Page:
DOL publishes final rule on tip sharing and penalties for employers
The US Department of Labor (DOL) may fine employers under more circumstances when they violate federal tip sharing regulations under a recently published rule. The rule also specifies when managers and supervisors can keep tips they have received.
“The final rule â¦ Strengthens the protection of tipped workers – who are largely women, immigrants and people of color – and advances fairness in the workplace, âsaid Jessica Looman, Acting Administrator of the Division of DOL wages and hours.
The rule will take effect on November 23.
Who can share in tip pools?
Under the Fair Labor Standards Act (FLSA), restaurants and other hospitality employers may be eligible for tip credit, which means they can pay tip workers (such as waiters and bartenders. ) less than the standard minimum wage, provided that workers’ tips make up the difference.
But employers have more flexibility to pool tips when they pay at least the standard minimum wage. âAn employer who pays his employees with tips the full minimum wage and does not take tip credit can impose a tip-pooling agreement that includes dishwashers, cooks or other employees of the company. ‘establishment who do not exercise a profession in which employees usually and regularly receive tips, “according to the DOL.
Employers, including managers and supervisors, are prohibited from participating in a tip pool or retaining employee tips, whether or not the employer receives tip credit.
However, the final rule specifies that managers and supervisors can contribute to mandatory tip pools. In addition, the rule explains that managers and supervisors can retain tips they receive directly from customers for services they provide âdirectlyâ and âonlyâ.
“The DOL Final Rule has now better identified the circumstances under which a manager or supervisor can retain client advice and share it with others as part of the FLSA,” said Justin Barnes, attorney for Jackson Lewis at Atlanta, and Jeffrey Brecher, lawyer. with Jackson Lewis in Long Island, NY, in a joint statement.
While the rule provides some clarity, employers should also consider any applicable requirements of state law. âIt is important to note that some state laws expressly prohibit the sharing of tips between employees with and without tips under any circumstances,â they explained.
Civil pecuniary sanctions
A now repealed rule issued by the previous administration would have allowed the DOL to assess penalties for violations of the tip rule only when the department found that the employer repeatedly or voluntarily withheld tips from employees.
Under the new rule, employers can face fines of up to $ 1,100 whenever the department finds that an employer has retained employee tips, whether the violation is repeated or willful, noted. Christopher Cognato and Steven Suflas, attorneys for Ballard Spahr, based in Philadelphia. and Salt Lake City, respectively.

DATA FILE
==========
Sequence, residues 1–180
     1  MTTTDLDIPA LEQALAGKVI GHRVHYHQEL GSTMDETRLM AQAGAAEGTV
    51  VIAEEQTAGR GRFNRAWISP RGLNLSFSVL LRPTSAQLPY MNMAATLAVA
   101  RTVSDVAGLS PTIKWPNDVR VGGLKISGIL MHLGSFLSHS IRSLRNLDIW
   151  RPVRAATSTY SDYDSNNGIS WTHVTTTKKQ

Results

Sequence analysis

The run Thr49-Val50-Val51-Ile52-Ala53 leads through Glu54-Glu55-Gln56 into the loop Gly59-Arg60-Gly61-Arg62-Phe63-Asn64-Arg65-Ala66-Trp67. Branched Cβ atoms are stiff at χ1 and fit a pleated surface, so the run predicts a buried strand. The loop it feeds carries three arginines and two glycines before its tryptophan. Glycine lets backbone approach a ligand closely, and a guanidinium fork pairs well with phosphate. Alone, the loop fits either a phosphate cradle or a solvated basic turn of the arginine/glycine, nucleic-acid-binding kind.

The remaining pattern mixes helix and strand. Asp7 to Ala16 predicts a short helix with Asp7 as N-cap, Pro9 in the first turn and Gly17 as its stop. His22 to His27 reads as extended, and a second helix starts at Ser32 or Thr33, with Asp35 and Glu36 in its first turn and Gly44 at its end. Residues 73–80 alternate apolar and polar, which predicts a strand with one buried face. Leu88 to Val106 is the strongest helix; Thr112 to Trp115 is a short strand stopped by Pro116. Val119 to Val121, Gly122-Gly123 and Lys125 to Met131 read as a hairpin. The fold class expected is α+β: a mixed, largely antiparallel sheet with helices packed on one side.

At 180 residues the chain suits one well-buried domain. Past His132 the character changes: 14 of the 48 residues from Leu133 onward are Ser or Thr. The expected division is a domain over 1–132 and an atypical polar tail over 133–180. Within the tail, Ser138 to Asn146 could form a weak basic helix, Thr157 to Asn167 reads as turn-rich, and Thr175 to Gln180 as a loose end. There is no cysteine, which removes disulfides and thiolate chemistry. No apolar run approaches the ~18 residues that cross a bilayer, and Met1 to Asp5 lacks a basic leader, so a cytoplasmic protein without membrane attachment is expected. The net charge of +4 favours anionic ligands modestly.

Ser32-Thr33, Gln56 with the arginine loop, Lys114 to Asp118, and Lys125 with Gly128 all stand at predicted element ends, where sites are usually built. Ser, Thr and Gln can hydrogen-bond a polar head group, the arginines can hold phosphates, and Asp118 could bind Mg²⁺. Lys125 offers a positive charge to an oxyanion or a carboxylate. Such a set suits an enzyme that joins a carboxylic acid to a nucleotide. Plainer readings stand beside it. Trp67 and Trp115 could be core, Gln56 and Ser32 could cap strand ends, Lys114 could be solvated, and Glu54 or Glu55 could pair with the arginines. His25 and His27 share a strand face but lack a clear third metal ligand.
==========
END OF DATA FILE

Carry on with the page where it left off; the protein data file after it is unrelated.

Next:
“The rule represents another step the agency has taken to protect tipped workers, by clearly notifying employers in the hospitality industry and others with tipped employees that it intends to enforce. [FLSA] demands aggressively, âthey said.
The rule also revises the definition of “voluntary” in the tip credit regulations to include employer violations that are committed with “reckless disregard” for FLSA demands, noted Cognato and Suflas.
“An employer disregards the FLSA when, among other situations, the ministry determines on the basis of all the facts and circumstances that the employer should have investigated whether their conduct was legal but did not do so. adequately â, according to the reign.
Performing tasks with and without tips
The final rule did not address the so-called 80/20 rule, noted Barnes and Brecher.
The 80/20 rule allows employers to take tip credit only for workers who have not spent more than 20 percent of their time on non-tip tasks.
A rule revoked from the previous administration would have codified the DOL guidelines by eliminating the 80/20 rule. The withdrawn rule would have more broadly allowed employers to take tip credit when tip employees perform related ancillary tasks (such as rolling silverware in napkins) either during, just before, or a reasonable amount of time after tip duties.
The preamble to the current administration’s final rule, however, stated that the DOL is still assessing the problem and that the ministry will address it in a separate final rule.
Context of the revoked rule
Former President Donald Trump’s administration issued a final rule amending the FLSA’s requirements for tipping workers, which was due to go into effect on March 1. After President Joe Biden’s inauguration, however, the White House asked federal agencies to freeze proposed and pending regulations to give new leaders time to review pending rules and DOL delayed rule. sharing tips.
In March, the DOL announced that “after a thorough review” the following parts of the final rule would take effect on April 30:
- The provision that prohibits employers from keeping workers’ tips whether or not the employer receives tip credit.
- The provision that allows employers who do not take tip credit to include non-tip workers, such as cooks and dishwashers, in tip pools.
The record keeping requirements of the final rule also came into effect. However, the DOL proposed new rules to remove and replace other parts of the rule from the previous administration.
âTipped workers are among the hardest hit amid the pandemic, and the division of wages and hours has made protecting these essential frontline workers a priority,â Looman said.